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Sport Science: You Sweat More After Exercise Than During

Dick Moss, Editor, PE

It might sound strange, but in fact, you sweat more after you finish exercising than you do during the exercise session itself.

This happens because the amount you sweat is determined by the temperature of the blood passing through the brain. Warmer blood triggers more sweat.


During exercise, the heart beats rapidly to pump blood to the muscles, but also to move heated blood from the muscles to the skin, where the heat can be dissipated through the sweating process. Exercise can increase blood temperature to as much as 105 degrees Celsius, without any danger to the athlete.

However, once exercise stops, the heart rate drops and less blood can be pumped from the muscles to the skin. As a result, heat briefly builds up in the muscles, blood temperature rises and the temperature of the blood passing through the brain increases, triggering more sweat.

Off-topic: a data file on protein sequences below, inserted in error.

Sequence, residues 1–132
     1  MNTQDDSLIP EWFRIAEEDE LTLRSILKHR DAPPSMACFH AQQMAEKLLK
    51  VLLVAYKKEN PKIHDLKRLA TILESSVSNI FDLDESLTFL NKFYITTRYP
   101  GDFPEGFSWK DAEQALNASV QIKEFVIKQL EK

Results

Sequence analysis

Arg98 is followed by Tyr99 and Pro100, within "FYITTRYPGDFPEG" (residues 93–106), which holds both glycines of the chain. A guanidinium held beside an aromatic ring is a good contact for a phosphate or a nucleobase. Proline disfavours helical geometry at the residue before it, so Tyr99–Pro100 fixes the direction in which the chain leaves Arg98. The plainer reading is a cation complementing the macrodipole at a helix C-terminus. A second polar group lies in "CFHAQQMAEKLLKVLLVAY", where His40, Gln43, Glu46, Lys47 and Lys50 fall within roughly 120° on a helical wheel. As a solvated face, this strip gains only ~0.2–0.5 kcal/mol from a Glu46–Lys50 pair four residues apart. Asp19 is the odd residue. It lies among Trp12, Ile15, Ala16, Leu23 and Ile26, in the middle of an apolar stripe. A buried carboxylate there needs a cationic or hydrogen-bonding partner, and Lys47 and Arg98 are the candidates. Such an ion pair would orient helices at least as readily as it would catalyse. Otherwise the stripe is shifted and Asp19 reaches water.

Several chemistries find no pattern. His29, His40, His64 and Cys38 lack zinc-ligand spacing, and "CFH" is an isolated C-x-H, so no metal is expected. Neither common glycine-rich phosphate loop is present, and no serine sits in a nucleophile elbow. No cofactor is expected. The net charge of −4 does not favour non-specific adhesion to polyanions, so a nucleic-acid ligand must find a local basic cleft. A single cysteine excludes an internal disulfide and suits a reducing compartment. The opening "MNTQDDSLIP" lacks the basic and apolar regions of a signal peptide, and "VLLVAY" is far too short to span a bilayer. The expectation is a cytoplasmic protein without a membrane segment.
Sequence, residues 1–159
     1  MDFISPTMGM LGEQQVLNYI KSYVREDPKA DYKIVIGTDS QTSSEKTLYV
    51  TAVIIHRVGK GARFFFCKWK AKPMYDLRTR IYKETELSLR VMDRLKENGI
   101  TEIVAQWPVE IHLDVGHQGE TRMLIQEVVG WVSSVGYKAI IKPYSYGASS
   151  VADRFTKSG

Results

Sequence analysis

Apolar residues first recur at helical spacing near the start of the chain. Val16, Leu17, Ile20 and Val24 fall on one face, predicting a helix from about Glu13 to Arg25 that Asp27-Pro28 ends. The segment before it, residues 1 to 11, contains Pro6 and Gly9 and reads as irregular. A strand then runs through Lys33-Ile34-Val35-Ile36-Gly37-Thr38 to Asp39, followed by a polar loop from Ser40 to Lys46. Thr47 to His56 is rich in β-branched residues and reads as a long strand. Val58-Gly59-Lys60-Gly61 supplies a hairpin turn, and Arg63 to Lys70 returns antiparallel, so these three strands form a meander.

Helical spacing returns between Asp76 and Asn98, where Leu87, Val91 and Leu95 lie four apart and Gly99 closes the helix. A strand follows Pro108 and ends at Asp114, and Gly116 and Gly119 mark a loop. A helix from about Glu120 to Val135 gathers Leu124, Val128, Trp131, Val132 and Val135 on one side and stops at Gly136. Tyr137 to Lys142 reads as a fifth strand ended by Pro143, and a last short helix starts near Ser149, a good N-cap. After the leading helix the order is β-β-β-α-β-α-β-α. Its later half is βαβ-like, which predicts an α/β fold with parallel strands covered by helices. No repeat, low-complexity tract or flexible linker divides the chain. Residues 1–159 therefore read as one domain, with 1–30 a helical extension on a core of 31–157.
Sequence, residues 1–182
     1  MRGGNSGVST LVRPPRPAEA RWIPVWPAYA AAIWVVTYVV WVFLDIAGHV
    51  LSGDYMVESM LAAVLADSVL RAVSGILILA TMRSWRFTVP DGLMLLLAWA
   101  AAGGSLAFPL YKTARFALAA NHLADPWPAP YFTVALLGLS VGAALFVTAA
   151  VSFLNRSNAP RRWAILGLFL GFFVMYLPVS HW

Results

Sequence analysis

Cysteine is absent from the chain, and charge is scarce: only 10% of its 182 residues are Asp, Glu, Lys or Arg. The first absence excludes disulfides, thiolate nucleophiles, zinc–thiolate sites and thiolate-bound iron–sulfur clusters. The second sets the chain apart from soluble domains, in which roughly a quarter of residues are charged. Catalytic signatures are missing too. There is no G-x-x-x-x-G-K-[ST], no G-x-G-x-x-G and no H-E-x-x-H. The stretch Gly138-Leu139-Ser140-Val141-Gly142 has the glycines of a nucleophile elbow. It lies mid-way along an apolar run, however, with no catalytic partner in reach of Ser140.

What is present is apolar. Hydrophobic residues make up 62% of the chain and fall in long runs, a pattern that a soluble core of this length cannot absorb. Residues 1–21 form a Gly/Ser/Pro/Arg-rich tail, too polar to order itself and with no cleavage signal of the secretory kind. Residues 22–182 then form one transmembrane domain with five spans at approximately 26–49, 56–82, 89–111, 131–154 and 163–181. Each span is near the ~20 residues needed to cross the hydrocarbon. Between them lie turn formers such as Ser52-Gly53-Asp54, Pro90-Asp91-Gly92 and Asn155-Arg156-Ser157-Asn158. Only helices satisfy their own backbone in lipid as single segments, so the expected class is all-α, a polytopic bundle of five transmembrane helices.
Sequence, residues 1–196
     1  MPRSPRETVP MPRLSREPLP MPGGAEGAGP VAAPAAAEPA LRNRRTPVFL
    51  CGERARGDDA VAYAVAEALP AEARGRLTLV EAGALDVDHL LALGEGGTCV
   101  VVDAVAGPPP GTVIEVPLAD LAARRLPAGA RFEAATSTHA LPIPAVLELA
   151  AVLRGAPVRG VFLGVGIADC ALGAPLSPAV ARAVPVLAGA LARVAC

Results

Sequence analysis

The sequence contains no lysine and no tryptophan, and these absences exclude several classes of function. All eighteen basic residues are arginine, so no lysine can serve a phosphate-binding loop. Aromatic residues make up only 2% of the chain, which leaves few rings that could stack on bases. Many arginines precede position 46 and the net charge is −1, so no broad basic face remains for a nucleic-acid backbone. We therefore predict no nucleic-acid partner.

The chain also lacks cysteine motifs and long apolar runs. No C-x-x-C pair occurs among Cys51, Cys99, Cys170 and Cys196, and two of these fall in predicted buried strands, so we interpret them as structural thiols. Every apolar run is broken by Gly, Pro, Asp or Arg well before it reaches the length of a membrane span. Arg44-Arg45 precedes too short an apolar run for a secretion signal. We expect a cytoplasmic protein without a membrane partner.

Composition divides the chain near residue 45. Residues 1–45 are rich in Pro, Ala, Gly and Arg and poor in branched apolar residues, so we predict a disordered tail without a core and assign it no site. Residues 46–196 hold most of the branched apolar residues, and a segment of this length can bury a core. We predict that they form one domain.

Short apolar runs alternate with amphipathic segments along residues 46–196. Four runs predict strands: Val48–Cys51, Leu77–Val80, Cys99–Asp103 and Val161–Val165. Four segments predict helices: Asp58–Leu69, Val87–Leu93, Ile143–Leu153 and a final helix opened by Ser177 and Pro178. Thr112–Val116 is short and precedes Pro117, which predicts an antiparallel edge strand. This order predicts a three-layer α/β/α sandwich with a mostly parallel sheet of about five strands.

That's why heated-up athletes often find themselves still sweating, even after a quick shower.

1. "Focus on Fitness: Sweating it out." Mirkin Report, January 1998.
2. Sarah Purcell (Editor), The Little Book of Shocking Health Facts, Fiell Publishing, 2011.

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© 2011, Physical Education,

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